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Water-Insoluble Surface Coatings of Polyion−Surfactant Ion Complex Salts Respond to Additives in a Surrounding Aqueous Solution

Gustavsson, Charlotte LU ; Obiols-Rabasa, Marc LU and Piculell, Lennart LU (2015) In Langmuir 31(23). p.6487-6496
Abstract
Hydrated, but water-insoluble, “complex salts” (CS) composed of alkyltrimethylammonium surfactant ions with polyacrylate counterions are known to exhibit a rich phase behavior in bulk mixtures with water and have recently been shown to act as water-responsive surface coatings. Here it is shown, by SAXS measurements, that surface coatings of CS also respond to various added solutes in a surrounding aqueous solution, by altering their liquid crystalline structure. The obtained results provide new information on the phase behavior of CS in contact with water and aqueous solutions. Solutes such as acids, salts, excess ionic surfactant, or water-soluble polymers act on the CS by altering the polyion charge density, screening the electrostatic... (More)
Hydrated, but water-insoluble, “complex salts” (CS) composed of alkyltrimethylammonium surfactant ions with polyacrylate counterions are known to exhibit a rich phase behavior in bulk mixtures with water and have recently been shown to act as water-responsive surface coatings. Here it is shown, by SAXS measurements, that surface coatings of CS also respond to various added solutes in a surrounding aqueous solution, by altering their liquid crystalline structure. The obtained results provide new information on the phase behavior of CS in contact with water and aqueous solutions. Solutes such as acids, salts, excess ionic surfactant, or water-soluble polymers act on the CS by altering the polyion charge density, screening the electrostatic interaction, changing the curvature of the surfactant aggregate, or increasing the osmotic pressuring in the surrounding solution, all of which may result in a phase transition in the film. In water, all studied CS surface coatings had a micellar cubic structure, which could change to 2D hexagonal, HCP, or disordered micellar structure, depending on the identity of the CS and the identity and concentration of the added solute. For some systems, even dissolved CO2 from the ambient air was sufficient to induce a structural change in the film. Especially the films containing the long polyions remained intact even for large concentrations of solutes in the contacting solutions, and extensive washing in water resulted, in most cases, in films with the “original” structure found in water. (Less)
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author
organization
publishing date
type
Contribution to journal
publication status
published
subject
in
Langmuir
volume
31
issue
23
pages
6487 - 6496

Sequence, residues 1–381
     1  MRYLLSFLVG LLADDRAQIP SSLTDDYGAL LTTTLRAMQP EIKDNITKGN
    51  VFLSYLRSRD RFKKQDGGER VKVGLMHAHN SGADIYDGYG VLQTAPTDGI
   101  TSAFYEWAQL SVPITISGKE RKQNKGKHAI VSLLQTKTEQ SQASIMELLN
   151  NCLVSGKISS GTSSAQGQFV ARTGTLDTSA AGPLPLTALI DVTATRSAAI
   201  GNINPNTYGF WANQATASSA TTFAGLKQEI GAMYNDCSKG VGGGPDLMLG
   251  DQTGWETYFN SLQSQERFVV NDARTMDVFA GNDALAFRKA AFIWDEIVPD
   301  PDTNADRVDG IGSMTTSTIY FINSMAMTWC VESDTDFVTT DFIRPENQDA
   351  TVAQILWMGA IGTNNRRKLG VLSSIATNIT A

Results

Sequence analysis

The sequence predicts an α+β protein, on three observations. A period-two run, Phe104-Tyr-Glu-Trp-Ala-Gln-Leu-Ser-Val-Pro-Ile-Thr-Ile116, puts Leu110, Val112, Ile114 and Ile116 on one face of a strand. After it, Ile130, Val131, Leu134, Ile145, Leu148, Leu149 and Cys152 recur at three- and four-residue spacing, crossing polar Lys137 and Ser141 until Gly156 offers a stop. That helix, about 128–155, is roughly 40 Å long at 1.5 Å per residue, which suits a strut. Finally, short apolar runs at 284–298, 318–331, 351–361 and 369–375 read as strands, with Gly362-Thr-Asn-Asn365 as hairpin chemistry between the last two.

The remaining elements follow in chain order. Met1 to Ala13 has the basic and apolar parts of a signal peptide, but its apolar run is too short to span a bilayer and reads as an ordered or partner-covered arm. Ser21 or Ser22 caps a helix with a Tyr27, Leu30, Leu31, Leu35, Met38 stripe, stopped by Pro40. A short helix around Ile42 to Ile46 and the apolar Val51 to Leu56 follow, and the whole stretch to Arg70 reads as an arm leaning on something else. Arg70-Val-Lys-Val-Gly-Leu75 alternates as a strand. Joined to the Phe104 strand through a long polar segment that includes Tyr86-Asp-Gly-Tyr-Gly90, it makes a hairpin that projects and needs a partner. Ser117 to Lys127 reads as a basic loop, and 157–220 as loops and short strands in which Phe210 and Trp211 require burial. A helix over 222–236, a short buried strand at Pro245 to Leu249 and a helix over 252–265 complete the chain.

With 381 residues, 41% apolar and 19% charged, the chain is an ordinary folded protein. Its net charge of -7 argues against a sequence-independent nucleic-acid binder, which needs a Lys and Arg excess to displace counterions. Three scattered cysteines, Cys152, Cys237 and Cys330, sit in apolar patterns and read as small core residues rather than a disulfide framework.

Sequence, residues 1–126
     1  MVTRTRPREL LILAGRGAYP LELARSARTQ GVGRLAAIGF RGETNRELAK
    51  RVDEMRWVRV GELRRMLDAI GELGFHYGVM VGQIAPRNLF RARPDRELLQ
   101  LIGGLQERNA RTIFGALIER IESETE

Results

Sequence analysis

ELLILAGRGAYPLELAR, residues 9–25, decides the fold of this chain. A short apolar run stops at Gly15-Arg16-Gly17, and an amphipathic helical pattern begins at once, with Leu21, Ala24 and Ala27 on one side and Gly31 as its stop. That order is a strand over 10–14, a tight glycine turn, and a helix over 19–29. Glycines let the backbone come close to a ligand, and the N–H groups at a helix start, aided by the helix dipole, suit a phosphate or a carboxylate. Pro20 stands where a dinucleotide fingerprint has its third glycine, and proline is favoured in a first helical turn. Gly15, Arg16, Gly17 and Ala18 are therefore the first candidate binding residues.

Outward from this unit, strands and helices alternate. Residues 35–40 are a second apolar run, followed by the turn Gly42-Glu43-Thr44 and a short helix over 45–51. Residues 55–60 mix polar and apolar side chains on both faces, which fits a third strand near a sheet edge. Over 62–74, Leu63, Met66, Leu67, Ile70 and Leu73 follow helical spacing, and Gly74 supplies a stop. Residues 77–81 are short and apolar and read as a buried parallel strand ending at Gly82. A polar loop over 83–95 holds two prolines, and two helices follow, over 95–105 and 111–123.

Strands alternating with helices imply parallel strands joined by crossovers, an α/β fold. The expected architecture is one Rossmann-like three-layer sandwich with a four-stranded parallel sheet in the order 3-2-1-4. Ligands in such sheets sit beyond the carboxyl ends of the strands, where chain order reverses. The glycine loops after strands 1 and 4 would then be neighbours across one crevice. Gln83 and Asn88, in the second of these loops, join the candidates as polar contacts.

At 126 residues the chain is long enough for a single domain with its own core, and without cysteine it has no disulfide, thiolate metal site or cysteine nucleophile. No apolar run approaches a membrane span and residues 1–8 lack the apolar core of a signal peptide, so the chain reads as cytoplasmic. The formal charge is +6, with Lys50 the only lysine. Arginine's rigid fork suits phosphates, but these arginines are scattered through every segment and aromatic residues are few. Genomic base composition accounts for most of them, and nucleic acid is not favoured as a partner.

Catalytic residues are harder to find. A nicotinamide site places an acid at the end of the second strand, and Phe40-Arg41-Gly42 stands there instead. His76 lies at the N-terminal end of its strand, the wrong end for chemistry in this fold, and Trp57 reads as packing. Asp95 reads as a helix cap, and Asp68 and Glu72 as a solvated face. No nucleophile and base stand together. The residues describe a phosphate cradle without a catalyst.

publisher
The American Chemical Society
external identifiers
  • wos:000356755300025
  • scopus:84934945063
ISSN
0743-7463
DOI
10.1021/acs.langmuir.5b00831
language
English
LU publication?
yes
id
728ecbfc-e86e-40c4-b727-31bfd5ecff63 (old id 7439919)
date added to LUP
2015-06-24 16:24:24
date last changed
2017-10-01 03:28:39
@article{728ecbfc-e86e-40c4-b727-31bfd5ecff63,
  abstract     = {Hydrated, but water-insoluble, “complex salts” (CS) composed of alkyltrimethylammonium surfactant ions with polyacrylate counterions are known to exhibit a rich phase behavior in bulk mixtures with water and have recently been shown to act as water-responsive surface coatings. Here it is shown, by SAXS measurements, that surface coatings of CS also respond to various added solutes in a surrounding aqueous solution, by altering their liquid crystalline structure. The obtained results provide new information on the phase behavior of CS in contact with water and aqueous solutions. Solutes such as acids, salts, excess ionic surfactant, or water-soluble polymers act on the CS by altering the polyion charge density, screening the electrostatic interaction, changing the curvature of the surfactant aggregate, or increasing the osmotic pressuring in the surrounding solution, all of which may result in a phase transition in the film. In water, all studied CS surface coatings had a micellar cubic structure, which could change to 2D hexagonal, HCP, or disordered micellar structure, depending on the identity of the CS and the identity and concentration of the added solute. For some systems, even dissolved CO2 from the ambient air was sufficient to induce a structural change in the film. Especially the films containing the long polyions remained intact even for large concentrations of solutes in the contacting solutions, and extensive washing in water resulted, in most cases, in films with the “original” structure found in water.},
  author       = {Gustavsson, Charlotte and Obiols-Rabasa, Marc and Piculell, Lennart},
  issn         = {0743-7463},
  language     = {eng},
  number       = {23},
  pages        = {6487--6496},
  publisher    = {The American Chemical Society},
  series       = {Langmuir},
  title        = {Water-Insoluble Surface Coatings of Polyion−Surfactant Ion Complex Salts Respond to Additives in a Surrounding Aqueous Solution},
  url          = {http://dx.doi.org/10.1021/acs.langmuir.5b00831},
  volume       = {31},
  year         = {2015},
}